Sparkling aquamarine waters lap hungrily at the coarse beige sands of Cabo San Lucas. Quite an incongruous locale for vultures. Unsuspecting first-time visitors incite a feeding frenzy among the seemingly innumerable masses of timeshare salespeople.
If you’ve never flown into Los Cabos airport, you have no point of reference for the scavenger-like feel created by the flock of well-groomed marketers descending upon the innocent. It’s worse than being circled by sharks.
“Don’t talk to anyone,” my friends warned us. “They will say they can help you, but it will cost you hours in a timeshare presentation.”
Even inside the airport at the stand clearly marked “Taxi”, the carnivorous salespeople are after blood. Or make that money. Lots of it. More than $40,000 – and we’re not talking pesos here.
We reached the rental car company van and believe we’re saved. It’s an island of refuge from the sea of bottom-feeders. Until you step out at the rental agency’s headquarters.
That good-looking guy chatting you up about where to go for shopping and activities? Yep, he really wants to corner you for hours and badger you into purchasing a timeshare. Points or weeks, I don’t really know. I don’t want to find out. I just came here for the sunshine, to escape the constant dreariness of Oregon in December.
Whew! You make it out of there without agreeing to listen to a “short” spiel. We must be home free. We have our $2.30 for the toll road. Things are looking up.
We pull into the well-groomed grounds of what appears to be an enormous Spanish hacienda. Arches, pink stucco, marble floors and a Christmas tree to rival the one adorning the Macy float greet you. Shoulders relax and you can imagine the kiss of equatorial sunshine on your face.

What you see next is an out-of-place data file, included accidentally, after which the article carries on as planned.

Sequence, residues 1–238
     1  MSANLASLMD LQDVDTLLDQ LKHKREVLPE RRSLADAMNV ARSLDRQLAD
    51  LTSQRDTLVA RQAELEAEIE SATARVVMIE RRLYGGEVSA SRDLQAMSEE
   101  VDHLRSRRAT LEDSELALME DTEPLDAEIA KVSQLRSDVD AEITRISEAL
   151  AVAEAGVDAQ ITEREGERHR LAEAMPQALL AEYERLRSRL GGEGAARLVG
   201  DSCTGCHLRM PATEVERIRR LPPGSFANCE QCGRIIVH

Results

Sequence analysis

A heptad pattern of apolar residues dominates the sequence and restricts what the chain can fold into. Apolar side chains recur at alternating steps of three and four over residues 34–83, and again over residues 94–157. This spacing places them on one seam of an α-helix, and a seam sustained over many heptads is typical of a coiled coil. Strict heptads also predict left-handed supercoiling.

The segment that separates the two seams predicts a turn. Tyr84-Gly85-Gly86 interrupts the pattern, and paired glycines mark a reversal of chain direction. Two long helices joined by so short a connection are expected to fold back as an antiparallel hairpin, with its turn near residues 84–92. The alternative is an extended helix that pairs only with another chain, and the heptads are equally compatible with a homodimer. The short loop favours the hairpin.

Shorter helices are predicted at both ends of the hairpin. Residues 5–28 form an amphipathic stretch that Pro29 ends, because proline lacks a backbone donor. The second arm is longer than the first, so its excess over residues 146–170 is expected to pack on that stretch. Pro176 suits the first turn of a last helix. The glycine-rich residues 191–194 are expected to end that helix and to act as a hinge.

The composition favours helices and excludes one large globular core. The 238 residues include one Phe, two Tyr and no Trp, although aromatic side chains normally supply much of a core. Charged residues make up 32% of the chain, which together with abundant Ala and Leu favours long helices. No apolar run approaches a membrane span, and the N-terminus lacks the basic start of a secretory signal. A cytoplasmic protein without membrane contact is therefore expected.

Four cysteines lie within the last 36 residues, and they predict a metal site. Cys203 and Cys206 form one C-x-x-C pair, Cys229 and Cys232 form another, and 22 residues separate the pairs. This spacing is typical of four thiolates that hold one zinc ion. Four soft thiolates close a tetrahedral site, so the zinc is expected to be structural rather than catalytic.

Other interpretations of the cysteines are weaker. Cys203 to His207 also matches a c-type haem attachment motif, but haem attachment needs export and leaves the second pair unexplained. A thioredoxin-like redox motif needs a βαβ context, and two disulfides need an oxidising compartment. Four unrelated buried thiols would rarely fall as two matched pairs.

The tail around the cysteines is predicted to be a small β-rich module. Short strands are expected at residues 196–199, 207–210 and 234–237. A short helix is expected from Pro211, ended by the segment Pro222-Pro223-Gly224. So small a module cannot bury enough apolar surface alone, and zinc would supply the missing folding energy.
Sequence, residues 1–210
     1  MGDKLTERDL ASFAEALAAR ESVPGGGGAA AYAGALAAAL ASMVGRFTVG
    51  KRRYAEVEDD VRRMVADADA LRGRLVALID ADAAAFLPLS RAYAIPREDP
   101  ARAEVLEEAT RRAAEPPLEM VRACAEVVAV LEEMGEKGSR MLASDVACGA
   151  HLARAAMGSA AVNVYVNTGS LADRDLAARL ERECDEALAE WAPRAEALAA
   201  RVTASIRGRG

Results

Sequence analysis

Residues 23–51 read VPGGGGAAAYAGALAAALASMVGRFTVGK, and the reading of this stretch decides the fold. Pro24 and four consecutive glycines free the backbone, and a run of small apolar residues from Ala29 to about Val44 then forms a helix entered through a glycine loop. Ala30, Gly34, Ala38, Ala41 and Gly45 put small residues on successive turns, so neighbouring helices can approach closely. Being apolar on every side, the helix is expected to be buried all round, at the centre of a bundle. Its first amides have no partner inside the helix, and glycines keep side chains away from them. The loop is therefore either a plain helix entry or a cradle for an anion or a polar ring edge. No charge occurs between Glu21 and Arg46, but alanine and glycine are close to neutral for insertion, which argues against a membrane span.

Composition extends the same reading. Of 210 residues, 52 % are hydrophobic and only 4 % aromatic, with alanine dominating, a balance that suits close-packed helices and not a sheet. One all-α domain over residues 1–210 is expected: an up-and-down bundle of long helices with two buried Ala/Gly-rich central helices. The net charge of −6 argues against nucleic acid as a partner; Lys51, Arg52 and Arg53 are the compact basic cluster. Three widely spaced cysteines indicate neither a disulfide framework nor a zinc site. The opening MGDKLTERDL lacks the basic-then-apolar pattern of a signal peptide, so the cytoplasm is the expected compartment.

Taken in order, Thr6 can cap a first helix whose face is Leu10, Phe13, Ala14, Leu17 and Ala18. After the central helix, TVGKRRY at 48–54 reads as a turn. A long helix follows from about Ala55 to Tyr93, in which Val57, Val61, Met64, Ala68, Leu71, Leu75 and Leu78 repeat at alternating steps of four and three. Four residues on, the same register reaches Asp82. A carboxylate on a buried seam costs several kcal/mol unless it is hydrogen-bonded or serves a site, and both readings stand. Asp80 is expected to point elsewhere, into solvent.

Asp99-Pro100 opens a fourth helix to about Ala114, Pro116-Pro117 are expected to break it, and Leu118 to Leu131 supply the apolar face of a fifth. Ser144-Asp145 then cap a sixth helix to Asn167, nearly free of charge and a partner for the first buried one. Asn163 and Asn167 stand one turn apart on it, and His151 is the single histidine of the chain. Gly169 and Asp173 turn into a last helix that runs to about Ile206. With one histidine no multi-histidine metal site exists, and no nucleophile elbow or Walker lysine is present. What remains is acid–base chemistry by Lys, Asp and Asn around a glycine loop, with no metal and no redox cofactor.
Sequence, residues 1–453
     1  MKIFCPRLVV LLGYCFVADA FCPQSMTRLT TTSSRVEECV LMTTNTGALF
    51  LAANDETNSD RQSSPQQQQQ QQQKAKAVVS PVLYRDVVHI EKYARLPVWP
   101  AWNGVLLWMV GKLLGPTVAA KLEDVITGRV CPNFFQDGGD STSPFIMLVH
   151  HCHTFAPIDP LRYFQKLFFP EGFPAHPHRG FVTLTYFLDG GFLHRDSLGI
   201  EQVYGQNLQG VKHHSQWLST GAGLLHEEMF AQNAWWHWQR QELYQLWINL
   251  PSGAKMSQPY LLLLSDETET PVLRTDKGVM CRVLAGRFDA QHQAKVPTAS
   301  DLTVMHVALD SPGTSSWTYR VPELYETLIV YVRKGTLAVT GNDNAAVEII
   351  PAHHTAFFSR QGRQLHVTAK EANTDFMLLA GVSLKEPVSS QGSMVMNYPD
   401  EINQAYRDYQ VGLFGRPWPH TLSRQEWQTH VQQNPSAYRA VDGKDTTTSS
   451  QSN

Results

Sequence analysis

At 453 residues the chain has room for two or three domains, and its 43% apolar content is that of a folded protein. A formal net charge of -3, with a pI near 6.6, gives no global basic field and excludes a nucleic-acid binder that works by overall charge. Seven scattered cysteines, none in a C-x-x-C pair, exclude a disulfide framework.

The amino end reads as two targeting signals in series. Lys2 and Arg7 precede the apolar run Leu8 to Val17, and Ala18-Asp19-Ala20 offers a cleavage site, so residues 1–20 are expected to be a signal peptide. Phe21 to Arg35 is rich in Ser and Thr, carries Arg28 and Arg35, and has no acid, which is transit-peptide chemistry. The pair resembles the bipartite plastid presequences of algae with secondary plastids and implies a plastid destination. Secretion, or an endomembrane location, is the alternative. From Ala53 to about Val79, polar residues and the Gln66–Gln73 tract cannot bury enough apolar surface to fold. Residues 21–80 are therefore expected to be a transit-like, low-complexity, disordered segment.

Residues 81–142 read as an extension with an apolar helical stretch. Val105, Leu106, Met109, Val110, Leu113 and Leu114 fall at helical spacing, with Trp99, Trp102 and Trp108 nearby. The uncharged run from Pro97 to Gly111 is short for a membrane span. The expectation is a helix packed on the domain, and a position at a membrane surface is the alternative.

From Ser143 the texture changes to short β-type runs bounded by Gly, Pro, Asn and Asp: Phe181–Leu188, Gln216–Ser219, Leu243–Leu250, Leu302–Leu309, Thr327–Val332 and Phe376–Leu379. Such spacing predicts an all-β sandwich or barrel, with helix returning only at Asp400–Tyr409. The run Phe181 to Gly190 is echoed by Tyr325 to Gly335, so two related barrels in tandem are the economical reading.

This nice lady, Elisa, she’s a hotel representative, your personal concierge. I must be an imbecile! She’s the front man for the evil timeshare mobsters.
“We’d like to invite you to breakfast tomorrow. It’s a beautiful buffet and afterward, you’ll take a 90-minute tour of our sister property. In return, we’ll give you a fabulous Gold card which guarantees you discounts of 15% or more on all your food and activities.”
Save money? Do I really need to hear more? The kids will sleep until 11. We’ll be back from the 90-minute deal by 10:30 at the latest. Why not?
Oh foolish, foolish Americano! You’ve been stabbed in the thigh, near the femoral artery with the gilded knife of anesthesia. You feel no pain.
Until you can’t even enjoy the buffet breakfast because the lovely Adrianna is quizzing you about your vacation habits.
“You own a timeshare. What are your biggest complaints about it?”
Next time, I swear I’m going to say, “I can’t ever use it without being hounded about buying more time.” Forget about not getting reservations where I want at the time I want (number one complaint, apparently).
I want to vacation without being circled by carrion-eaters.
Adrianna smiles and promises she will be finished with her tour in 90 minutes or less. I should have started the timer on my smart phone. Even after 15 years as a timeshare owner, I still believe this fabrication.
She did finish before the time limit. The penthouse was jaw-dropping, but I’ll never be able to afford to rent it. Or if I finally save up enough points, all the weeks will be booked for three years solid. And yet, I imagine myself entertaining my editor or agent while the Sea of Cortez sings in the background.